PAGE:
The only place where trends look in any way worrisome are in China, where the ratio of young boys to young girls began rising in the 1980s, after China’s 1979 introduction of the ‘One Child’ policy. There is little evidence suggesting a rise in the sex ratio of young children during the 1960s and 1970s, when ‘Western influences’ in China were supposedly pushing sex selection. This ratio is (according to Gapminder’s projections) at its peak right now and is expected to decline from this point forward. Of course, this means that the ratio for 15-49 year old adults will only peak in the coming decades, probably the 2040s.

Better development is associated with higher sex ratios

Ms. Hvistendahl offers (to the best of my knowledge) ancient Greece and the settlement of the American West by white people in the 19th Century as examples of ‘the Consequences of a World Full of Men’. However, in a previous post I used Gapminder’s data to look at correlations between the sex ratios seen in the world and metrics of social well-being. That post showed that countries with sex ratios closer the biological norm tend to be the wealthier countries. Poorer countries tend to have sex ratios that indicate that harm is falling disproportionately on boys, not girls.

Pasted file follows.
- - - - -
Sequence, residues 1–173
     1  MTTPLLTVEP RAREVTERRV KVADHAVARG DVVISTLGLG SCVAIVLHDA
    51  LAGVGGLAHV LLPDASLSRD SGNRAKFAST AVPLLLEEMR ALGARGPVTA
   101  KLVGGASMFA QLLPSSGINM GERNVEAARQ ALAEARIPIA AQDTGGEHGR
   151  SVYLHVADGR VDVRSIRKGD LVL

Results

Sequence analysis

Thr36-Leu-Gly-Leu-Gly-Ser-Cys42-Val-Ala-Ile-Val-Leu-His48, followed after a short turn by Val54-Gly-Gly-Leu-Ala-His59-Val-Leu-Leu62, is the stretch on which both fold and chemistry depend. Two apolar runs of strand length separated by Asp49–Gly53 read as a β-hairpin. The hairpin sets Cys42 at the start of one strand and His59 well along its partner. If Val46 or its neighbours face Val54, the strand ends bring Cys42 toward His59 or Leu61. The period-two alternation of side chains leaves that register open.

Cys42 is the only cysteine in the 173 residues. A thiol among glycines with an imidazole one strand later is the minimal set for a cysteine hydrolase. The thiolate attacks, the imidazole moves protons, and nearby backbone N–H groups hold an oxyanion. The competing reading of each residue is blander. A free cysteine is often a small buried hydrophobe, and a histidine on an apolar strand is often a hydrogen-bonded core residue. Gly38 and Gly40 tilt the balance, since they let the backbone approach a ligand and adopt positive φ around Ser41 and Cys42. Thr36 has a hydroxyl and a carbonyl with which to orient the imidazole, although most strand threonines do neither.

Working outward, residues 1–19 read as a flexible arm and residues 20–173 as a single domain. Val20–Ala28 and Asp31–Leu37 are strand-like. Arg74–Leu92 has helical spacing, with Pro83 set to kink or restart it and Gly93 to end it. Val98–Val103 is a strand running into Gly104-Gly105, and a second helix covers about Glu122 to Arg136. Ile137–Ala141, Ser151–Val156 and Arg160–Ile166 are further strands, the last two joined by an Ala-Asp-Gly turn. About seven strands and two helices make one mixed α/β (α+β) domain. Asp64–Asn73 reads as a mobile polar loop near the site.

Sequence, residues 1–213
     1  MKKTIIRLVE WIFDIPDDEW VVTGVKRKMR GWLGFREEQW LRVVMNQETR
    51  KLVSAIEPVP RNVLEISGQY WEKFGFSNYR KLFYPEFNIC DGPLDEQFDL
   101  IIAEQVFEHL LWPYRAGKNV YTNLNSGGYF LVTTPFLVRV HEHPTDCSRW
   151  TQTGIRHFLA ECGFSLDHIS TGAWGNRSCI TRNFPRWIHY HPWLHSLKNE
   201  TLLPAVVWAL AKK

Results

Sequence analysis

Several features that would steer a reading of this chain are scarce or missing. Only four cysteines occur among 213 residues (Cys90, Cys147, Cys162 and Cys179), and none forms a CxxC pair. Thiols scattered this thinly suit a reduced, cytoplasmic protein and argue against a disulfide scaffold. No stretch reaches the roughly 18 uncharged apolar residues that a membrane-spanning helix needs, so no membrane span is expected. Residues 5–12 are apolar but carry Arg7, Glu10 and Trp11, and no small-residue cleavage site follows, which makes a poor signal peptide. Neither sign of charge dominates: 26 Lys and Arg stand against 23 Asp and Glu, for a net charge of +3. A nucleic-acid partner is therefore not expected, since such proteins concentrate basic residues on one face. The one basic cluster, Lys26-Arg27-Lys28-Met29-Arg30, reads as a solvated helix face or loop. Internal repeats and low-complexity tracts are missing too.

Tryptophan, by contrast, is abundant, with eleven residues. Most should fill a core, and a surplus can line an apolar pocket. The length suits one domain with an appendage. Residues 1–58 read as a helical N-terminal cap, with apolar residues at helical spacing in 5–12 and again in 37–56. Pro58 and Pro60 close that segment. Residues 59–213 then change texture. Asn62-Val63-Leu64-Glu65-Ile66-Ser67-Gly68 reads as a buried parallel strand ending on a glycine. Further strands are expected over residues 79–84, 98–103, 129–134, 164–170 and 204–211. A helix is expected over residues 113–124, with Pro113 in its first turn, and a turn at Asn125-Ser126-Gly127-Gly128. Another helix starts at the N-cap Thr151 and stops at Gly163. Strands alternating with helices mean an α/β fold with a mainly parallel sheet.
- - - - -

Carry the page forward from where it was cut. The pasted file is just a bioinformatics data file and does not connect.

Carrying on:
Countries with higher sex ratios of adults (that is, higher levels of adult males relative to adult females) tend to have lower murder rates, not higher ones. However, I was not able to look at factors like sex trafficking, which might legitimately be issues.

At the risk of repeating myself, based on what Gapminder’s data shows, three keys points of Ms. Hvistendahl’s thesis seem to be in question:

1. If Western influences made a concerted effort in the 1960s and 1970s to encourage sex selection in Asia, they were largely (if not entirely) unsuccessful.

2. Only China is potentially a “powderkeg” in terms of the sex ratio of adults. India’s sex ratios among people under 50 have been stable for decades. Almost all other countries have sex ratios near or below the biological norm.

3. Gapminder’s data suggests that a high boy-to-girl ratio is more correlated with high income, high HDI and low murder rates than the other way around.

It does not seem possible to me (though maybe that’s just some fault on my part) that both Gapminder’s data and the thesis behind Unnatural Selection are correct.